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Behind the Scenes in Conservation: Getting technical with textiles! What’s “selvage”?

by Obie Linn, Conservator of Textiles


CAMConservation , selvage , Art Deco , fabric , textile conservation

We’ve got it all! All the width of this 1920s embroidered voile (fine soft sheer fabric), that is. How do we know? The textile includes selvages. If you’ve never worked with fabric before, you may not know this peculiar term, but it’s important for describing and using woven fabrics because it tells us a lot about how the fabric was made and how it will likely behave.

Selvage (US English) or selvedge (British English) is the proper name of the bound, finished-looking edges of the fabric created where the shuttle turns back on the loom during the weaving process. If you have both selvages (as we do for this object), you know you have a full loom-width! Look for the thicker, darker lines on the left and right side edges: those are selvages. These clues tell us this voile was woven at 47 inches wide and was cut on the cross grain (the side perpendicular to the selvage), creating a piece 71 inches long.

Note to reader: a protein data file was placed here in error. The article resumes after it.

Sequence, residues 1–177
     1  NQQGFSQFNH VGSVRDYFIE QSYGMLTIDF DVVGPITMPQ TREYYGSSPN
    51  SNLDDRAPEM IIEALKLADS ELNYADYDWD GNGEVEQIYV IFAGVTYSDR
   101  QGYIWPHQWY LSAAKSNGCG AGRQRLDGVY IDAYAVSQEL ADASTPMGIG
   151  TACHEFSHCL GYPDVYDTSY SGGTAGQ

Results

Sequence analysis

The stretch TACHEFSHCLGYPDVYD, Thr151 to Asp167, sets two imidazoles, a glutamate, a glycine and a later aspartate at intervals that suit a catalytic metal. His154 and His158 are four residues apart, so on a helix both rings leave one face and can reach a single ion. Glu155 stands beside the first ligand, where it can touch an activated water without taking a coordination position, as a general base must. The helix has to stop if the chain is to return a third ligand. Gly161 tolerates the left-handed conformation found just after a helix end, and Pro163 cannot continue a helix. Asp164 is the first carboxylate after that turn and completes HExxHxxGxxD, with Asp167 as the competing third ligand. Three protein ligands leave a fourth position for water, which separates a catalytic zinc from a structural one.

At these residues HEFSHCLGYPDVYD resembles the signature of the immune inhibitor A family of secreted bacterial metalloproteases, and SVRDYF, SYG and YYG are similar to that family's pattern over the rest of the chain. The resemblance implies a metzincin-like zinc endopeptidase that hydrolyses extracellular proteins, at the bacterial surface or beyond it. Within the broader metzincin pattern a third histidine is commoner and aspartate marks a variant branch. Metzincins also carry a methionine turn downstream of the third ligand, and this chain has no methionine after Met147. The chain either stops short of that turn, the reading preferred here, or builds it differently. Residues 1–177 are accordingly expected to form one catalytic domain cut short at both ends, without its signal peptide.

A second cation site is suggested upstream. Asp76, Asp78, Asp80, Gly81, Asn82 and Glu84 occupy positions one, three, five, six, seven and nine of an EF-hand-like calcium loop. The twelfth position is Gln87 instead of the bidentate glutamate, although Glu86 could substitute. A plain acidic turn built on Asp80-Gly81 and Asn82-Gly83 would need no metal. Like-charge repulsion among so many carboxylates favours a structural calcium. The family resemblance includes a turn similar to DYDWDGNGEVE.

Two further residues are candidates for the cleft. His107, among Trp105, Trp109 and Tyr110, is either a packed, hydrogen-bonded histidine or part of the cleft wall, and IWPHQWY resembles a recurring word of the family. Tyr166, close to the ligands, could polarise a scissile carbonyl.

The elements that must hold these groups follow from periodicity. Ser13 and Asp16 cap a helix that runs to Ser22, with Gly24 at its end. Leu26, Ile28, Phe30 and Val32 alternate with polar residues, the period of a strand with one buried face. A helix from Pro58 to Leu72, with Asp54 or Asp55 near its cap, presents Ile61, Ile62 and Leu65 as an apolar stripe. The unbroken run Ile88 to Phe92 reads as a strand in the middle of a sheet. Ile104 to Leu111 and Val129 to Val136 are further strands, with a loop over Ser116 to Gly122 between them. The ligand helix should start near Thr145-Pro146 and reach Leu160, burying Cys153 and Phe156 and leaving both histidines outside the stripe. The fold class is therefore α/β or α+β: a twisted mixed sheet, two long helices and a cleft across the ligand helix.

Selvage is important to understand if you use fabrics for creating works such as quilts and clothing because they indicate the grain of the fabric, the direction of natural tension where it “prefers” to hang straight. The grain always runs parallel to selvage.

Selvage can give us other clues, too. For instance, usually selvage was intended to be discarded when a fabric was used, sort of like its “packaging,” there to protect the “product” and keep it looking its best prior to use. This is almost certainly the case here where the weaver has included wide, undecorated bands between selvage and the decorated part of the voile. These bands provide a transitional space between the natural tension caused by the fabric edge and the airy, light central section, which probably made the machine embroidering easier by keeping the embroidery away from the tighter tension of the edge. All that space has helped protect this fabric, and this unused fabric remains as perfect as the day it came off its loom.